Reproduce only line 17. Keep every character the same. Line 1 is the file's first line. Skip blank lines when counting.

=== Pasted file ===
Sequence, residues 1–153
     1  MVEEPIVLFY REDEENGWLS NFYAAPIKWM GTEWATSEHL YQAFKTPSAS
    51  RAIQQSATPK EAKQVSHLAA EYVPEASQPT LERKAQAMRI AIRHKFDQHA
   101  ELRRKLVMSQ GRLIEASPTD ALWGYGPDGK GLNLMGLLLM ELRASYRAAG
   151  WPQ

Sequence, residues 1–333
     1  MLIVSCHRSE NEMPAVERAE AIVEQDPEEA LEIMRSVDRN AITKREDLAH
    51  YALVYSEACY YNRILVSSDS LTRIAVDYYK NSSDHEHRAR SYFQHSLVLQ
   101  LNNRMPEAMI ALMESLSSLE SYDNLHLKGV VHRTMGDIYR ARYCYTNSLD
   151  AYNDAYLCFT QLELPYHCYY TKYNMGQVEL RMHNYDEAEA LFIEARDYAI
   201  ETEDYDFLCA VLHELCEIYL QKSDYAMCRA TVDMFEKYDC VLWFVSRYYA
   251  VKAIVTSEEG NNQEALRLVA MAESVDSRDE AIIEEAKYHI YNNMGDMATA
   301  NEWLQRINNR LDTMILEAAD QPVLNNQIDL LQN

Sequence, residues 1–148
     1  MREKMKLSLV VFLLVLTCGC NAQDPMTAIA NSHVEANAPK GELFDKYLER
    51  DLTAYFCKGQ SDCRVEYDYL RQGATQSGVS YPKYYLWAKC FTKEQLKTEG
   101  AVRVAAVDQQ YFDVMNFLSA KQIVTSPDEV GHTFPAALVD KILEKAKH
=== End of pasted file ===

   101  AVRVAAVDQQ YFDVMNFLSA KQIVTSPDEV GHTFPAALVD KILEKAKH